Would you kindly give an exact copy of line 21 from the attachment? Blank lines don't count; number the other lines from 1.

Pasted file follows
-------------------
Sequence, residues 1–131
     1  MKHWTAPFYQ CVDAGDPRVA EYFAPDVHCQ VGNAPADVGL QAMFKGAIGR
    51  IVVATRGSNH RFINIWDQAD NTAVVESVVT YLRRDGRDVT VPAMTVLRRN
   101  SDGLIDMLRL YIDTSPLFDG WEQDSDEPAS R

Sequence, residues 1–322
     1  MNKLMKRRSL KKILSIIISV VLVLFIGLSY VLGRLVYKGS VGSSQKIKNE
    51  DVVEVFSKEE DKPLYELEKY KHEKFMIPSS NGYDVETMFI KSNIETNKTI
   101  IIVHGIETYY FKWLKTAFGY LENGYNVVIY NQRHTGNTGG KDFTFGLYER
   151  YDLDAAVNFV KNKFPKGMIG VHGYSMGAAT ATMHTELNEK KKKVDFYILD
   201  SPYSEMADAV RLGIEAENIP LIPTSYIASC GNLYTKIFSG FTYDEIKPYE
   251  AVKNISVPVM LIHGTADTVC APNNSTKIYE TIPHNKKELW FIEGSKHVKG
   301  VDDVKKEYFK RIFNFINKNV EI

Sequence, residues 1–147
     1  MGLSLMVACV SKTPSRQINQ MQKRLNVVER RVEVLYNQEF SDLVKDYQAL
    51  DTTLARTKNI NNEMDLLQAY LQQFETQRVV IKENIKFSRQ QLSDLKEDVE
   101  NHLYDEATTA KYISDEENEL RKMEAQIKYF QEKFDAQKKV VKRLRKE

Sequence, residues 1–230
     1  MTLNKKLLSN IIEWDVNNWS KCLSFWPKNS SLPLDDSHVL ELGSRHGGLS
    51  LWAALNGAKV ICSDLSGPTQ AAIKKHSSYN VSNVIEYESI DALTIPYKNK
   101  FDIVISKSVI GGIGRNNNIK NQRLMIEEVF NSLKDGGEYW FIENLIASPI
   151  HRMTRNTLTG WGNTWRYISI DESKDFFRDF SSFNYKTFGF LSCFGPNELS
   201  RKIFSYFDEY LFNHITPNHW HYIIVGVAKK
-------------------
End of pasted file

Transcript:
   151  HRMTRNTLTG WGNTWRYISI DESKDFFRDF SSFNYKTFGF LSCFGPNELS